IOG eyes export route for Southern North Sea gas assets
- Project & Tenders
Looking to provide an export route for its Southern North Sea assets, Independent Oil and Gas (IOG) is in discussions to buy a currently disused pipeline.
The company said on Monday it has signed a memorandum of understanding for the 100% acquisition of a currently disused pipeline in the Southern North Sea. The company has also provided further results of the Skipper appraisal well, stating that oil qualities are likely to be challenging.
The memorandum of understanding for the SNS pipeline contains exclusivity provisions until February 28, 2017. IOG added that discussions regarding the sale and purchase agreement (SPA) are at an advanced stage and that the company would assume operatorship of the pipeline at completion and the liability for future decommissioning.
Under the terms of the agreement, IOG would also acquire the onshore reception facilities.
Upon acquisition of the pipeline, IOG will undertake a pigging inspection to ensure the pipeline’s integrity for safe re-use. The company then intends to re-commission it to enable evacuation of the gas from both the Blythe hub and Vulcan Satellites hub.
The company believes that, with 300,000 million cubic feet per day capacity, the pipeline could also accommodate export of the newly enlarged resources in the Harvey discovery, subject to further appraisal.
This acquisition provides an export route for the company’s SNS gas development portfolio which IOG has acquired at low cost, mainly due to concerns over the ability to export the gas. Ownership and recommissioning of this pipeline will solve this issue, providing a direct export route for the company’s gas assets into the UK market.
There may also be potential for third parties to use the pipeline in which case IOG would benefit from tariff income. This strategy, fully supported by the Oil and Gas Authority (OGA), is in line with the Maximizing Economic Recovery principles and is incorporated in the draft Blythe Field Development Plan submitted to the OGA in December 2016.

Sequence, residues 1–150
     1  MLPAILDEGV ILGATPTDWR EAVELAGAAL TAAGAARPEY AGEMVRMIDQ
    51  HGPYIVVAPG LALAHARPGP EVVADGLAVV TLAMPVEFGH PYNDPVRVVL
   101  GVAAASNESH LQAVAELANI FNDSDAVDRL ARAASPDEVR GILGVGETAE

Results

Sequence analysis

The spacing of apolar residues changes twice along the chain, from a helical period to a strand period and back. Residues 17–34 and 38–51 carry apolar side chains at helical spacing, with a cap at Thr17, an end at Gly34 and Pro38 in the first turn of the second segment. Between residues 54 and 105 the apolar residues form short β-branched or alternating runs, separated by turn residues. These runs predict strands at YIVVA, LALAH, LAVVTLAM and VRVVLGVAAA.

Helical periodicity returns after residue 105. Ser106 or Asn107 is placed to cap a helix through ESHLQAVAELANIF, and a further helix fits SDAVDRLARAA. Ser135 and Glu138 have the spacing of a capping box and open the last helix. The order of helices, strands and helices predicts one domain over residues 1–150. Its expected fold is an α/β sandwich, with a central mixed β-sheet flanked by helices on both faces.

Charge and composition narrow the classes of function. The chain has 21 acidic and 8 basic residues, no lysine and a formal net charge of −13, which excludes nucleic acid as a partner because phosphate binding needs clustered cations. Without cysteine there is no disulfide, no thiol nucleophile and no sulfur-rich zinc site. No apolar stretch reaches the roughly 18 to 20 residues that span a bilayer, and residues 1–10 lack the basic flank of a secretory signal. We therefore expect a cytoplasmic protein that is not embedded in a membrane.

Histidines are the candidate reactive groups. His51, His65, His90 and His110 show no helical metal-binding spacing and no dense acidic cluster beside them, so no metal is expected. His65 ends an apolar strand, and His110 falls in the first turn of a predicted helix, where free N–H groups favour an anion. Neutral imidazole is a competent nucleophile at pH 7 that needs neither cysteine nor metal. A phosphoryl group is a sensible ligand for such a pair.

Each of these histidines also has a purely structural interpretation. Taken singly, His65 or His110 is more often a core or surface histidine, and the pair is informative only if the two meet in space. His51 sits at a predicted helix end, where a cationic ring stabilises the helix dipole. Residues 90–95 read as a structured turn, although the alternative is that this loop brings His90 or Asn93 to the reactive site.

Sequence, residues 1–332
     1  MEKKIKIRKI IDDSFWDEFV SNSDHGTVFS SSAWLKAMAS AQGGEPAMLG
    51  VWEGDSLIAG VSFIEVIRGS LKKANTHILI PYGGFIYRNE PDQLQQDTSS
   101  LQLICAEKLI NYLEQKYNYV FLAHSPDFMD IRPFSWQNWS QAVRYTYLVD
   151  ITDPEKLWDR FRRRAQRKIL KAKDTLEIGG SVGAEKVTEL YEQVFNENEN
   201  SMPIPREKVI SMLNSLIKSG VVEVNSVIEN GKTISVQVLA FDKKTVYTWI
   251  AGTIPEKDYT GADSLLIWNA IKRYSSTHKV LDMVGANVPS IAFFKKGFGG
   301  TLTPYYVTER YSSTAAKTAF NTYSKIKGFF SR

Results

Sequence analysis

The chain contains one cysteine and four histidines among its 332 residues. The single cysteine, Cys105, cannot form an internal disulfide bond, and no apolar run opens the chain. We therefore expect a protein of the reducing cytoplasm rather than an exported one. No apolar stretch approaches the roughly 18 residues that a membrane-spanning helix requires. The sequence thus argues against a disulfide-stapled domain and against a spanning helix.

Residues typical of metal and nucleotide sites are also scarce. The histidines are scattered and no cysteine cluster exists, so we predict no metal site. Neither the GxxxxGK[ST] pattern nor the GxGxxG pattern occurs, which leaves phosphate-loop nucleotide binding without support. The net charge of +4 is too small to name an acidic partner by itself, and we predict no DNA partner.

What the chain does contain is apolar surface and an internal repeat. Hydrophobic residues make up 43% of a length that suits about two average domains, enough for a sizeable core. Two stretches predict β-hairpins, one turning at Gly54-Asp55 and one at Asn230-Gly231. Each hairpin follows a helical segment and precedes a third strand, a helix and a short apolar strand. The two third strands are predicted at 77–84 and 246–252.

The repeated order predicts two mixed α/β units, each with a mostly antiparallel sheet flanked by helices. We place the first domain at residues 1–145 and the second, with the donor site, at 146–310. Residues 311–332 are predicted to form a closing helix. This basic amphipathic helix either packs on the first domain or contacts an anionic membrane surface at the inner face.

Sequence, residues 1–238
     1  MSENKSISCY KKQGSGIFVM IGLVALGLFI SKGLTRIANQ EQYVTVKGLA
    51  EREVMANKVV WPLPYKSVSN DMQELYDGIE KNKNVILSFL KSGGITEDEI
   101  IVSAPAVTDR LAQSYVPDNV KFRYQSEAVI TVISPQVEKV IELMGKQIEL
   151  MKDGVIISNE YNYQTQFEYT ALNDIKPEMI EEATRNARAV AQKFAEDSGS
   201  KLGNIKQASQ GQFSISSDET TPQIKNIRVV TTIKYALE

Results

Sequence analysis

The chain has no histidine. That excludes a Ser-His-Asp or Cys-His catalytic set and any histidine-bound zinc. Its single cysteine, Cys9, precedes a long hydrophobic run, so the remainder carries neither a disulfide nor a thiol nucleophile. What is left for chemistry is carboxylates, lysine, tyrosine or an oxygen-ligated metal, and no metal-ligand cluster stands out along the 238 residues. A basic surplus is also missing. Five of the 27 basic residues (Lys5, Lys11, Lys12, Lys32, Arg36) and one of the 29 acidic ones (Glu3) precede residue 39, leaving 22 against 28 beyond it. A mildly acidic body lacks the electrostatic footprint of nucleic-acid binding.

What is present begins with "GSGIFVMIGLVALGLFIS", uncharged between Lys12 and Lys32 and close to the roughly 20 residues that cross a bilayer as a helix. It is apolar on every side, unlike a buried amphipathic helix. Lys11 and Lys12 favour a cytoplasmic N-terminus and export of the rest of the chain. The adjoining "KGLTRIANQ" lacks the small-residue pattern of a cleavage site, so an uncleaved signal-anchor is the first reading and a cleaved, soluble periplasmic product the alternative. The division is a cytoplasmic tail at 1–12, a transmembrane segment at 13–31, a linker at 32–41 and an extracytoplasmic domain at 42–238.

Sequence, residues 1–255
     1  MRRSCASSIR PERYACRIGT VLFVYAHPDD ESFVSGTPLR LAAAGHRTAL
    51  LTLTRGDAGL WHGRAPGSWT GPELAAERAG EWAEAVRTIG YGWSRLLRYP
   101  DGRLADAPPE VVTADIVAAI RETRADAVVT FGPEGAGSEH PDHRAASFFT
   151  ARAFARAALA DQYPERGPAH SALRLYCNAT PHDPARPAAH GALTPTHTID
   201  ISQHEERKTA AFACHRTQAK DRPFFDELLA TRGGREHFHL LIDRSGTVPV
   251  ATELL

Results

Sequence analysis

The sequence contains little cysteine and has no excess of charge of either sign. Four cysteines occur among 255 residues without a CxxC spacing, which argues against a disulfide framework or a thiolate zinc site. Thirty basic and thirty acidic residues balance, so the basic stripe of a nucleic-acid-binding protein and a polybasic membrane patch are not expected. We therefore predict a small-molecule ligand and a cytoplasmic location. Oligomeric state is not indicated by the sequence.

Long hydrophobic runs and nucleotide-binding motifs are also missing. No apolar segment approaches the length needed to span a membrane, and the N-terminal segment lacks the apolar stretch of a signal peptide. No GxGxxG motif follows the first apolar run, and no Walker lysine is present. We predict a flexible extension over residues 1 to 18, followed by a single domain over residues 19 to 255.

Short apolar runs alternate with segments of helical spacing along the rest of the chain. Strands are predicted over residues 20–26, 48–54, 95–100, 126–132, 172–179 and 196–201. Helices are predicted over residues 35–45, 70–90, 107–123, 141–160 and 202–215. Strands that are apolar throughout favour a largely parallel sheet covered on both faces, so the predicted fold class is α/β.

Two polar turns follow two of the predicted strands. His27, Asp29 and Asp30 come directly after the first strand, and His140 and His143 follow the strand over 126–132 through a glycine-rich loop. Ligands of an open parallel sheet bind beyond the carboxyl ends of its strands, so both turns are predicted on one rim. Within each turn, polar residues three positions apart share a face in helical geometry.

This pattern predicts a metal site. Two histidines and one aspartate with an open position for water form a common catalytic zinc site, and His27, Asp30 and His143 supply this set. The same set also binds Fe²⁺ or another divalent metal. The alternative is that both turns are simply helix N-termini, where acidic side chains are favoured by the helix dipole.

The company will need to agree and pay processing tariffs to the terminal operator. There will be ample ullage through the pipeline, and the terminal can receive more than 400 bcf of gas at rates up to 200 MMcfd for more than 20 years.
Mark Routh, CEO of IOG, said: “This pipeline will be the cornerstone of our Southern North Sea portfolio which, subject to remediation, will enable us to deliver our approximately 0.5 trillion cubic feet of gas resources to the UK market.
“During a period of relatively low gas prices, we have bought, at very attractive prices, quality assets which were considered effectively stranded. Subject to completion of the acquisition, full ownership and control of the export route creates significant value for the company, especially given the recovery in UK gas prices. Owning our gas portfolio and export infrastructure 100 percent will enable us to accelerate both the development planning and funding processes.”
Skipper oil ‘challenging’
IOG received further results from the analysis of the oil samples retrieved from the Skipper appraisal well drilled in the summer of last year.
According to the company, the oil has a high density of approximately 11 API, high viscosity, and a high Total Acid Number. However, the Skipper oil is mobile in the very high permeability reservoir and is also mobile at ambient conditions thanks to its very low wax content.
Further technical and commercial evaluation is being done, in particular, building a reservoir model to simulate the oil’s mobility in the reservoir. If a field development plan can be designed to enable the economic extraction of oil from the Skipper field, the oil properties will present a challenge for refining and marketability. Depending on where and when the oil is sold, the company anticipates the crude would trade at a significant discount to the prevailing quoted Brent oil price.
The total cost of the Skipper appraisal well was £10 million ($12.1 million at current rates). This was financed in part via loans and deferred payments which are due to be repaid at the end of 2017. The total loans and deferred payments were approximately £6.8 million, and approximately £3.2 million was paid in cash or shares. The intention is to refinance or repay these loans in parallel with securing development funding for some or all of IOG’s SNS gas assets in 2017.
Regarding Skipper, Routh added: “The update on the Skipper crude quality has confirmed the earlier results and has provided us with some new data. The oil qualities are likely to be challenging, however, given the oil’s mobility in the reservoir, we continue to explore the potential extraction and marketing options to deliver value from the asset.”